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Conflict and Strength – VaYishlach


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art by Laya Crust

Va Yeishev: Bereshit (Genesis) 32:4 – 36

Haftarah:  The Book of Ovadiah

This week’s Torah reading takes us on Yaakov’s (Jacob’s) journey through the country of Edom towards Bethlehem and Efrat. He was a successful man. He had huge flocks, 2 wives, 2 concubines, 11 sons and a daughter, yet he was nervous. He knew he had to travel through his brother’s landholdings but did not want to face his twin because of  their unresolved history. Would Esau be angry at Yaakov? Did Esau still want to kill his brother?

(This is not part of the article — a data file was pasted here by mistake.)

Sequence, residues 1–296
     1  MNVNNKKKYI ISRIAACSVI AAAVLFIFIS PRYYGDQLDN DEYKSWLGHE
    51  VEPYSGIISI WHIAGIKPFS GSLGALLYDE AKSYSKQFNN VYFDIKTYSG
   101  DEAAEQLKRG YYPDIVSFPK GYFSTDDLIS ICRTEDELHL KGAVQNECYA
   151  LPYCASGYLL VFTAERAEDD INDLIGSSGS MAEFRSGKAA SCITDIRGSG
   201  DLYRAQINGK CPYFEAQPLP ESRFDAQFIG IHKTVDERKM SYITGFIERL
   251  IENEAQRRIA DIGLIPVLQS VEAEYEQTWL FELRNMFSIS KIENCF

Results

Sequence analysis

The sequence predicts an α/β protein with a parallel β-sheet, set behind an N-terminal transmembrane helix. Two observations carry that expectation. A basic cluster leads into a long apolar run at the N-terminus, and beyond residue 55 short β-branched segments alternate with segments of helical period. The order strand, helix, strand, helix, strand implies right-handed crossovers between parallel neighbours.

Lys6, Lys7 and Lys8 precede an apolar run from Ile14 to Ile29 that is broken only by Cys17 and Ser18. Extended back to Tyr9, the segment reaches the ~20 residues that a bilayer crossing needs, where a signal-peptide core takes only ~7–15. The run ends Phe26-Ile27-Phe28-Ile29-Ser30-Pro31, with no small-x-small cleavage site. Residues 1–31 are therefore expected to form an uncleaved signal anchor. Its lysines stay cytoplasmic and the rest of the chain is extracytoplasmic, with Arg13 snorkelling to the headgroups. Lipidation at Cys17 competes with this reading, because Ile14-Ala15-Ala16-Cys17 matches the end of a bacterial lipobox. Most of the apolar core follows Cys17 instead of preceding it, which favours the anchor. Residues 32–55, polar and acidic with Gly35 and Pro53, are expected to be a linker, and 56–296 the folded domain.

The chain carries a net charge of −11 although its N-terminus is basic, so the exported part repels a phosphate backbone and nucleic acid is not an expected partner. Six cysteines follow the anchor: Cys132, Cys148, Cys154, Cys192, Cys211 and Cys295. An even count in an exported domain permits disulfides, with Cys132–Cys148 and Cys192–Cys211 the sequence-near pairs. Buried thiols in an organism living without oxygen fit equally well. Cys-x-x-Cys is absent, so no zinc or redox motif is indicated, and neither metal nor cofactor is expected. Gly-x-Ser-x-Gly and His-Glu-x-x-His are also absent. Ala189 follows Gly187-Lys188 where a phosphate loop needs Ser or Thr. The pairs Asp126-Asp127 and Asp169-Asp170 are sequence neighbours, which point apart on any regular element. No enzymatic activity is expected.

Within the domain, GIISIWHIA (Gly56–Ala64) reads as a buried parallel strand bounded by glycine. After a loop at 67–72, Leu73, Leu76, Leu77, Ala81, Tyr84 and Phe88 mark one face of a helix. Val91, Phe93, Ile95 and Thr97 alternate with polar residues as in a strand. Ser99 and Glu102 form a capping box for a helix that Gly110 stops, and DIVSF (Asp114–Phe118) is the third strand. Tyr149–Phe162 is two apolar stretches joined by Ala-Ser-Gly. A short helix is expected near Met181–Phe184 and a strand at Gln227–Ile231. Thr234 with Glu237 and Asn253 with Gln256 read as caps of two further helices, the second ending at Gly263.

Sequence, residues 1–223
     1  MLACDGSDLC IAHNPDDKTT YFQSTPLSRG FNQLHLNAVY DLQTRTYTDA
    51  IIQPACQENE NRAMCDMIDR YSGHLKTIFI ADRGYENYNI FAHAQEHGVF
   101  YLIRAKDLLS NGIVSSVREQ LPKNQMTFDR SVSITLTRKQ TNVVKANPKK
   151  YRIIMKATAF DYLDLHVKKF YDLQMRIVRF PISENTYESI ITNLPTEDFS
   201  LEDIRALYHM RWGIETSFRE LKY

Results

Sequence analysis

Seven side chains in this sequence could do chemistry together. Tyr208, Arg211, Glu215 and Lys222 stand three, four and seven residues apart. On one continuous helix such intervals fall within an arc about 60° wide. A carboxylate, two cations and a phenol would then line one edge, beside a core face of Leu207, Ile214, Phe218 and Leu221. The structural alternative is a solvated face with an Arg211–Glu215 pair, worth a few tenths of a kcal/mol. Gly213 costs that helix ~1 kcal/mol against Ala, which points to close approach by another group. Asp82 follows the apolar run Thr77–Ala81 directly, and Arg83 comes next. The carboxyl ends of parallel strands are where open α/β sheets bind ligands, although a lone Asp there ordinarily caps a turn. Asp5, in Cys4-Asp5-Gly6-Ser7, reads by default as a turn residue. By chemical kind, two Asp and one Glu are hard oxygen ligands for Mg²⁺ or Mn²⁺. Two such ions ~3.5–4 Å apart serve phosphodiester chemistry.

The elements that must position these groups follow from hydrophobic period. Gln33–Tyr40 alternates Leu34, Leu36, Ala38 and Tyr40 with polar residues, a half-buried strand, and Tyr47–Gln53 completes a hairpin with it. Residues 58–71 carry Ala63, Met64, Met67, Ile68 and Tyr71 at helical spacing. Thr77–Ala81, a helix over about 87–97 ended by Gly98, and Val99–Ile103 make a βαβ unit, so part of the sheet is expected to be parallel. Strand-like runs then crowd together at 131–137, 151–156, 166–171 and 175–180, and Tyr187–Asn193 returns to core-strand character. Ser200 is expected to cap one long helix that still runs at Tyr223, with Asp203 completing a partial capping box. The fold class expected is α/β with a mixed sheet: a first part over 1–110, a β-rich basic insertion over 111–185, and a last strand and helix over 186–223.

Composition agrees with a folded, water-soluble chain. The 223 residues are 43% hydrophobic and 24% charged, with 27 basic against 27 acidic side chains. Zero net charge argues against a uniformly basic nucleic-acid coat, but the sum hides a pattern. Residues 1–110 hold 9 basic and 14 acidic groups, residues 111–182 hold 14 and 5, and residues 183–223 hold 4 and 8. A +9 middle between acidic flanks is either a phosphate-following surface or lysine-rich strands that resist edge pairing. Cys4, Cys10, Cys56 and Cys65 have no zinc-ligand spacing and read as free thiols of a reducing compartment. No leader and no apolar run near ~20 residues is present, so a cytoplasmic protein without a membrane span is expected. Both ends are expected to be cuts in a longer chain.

The narrative begins with Yaakov sending messengers to his brother, announcing his approach. The report came back that Esau was coming to meet Yaakov, accompanied by 400 men.  Yaakov, frightened and anxious, sent his messengers ahead with many expensive gifts. He sent his family to the far side of the Jabok River for safety and he himself slept on the closer side of the river, possibly to be on the alert for any attack.

A man came and wrestled with him through the night. Finally at dawn the stranger told Yaakov to let him go. Yaakov demanded that the man give him a blessing and the blessing came in the guise of a new name- Yisrael, “because you have striven with beings Divine and human” (כּי שׂרית עם אלהים ועם אנשׁים).

Image result for jacob and the angel golden haggadah
Golden Haggadah, c. 1320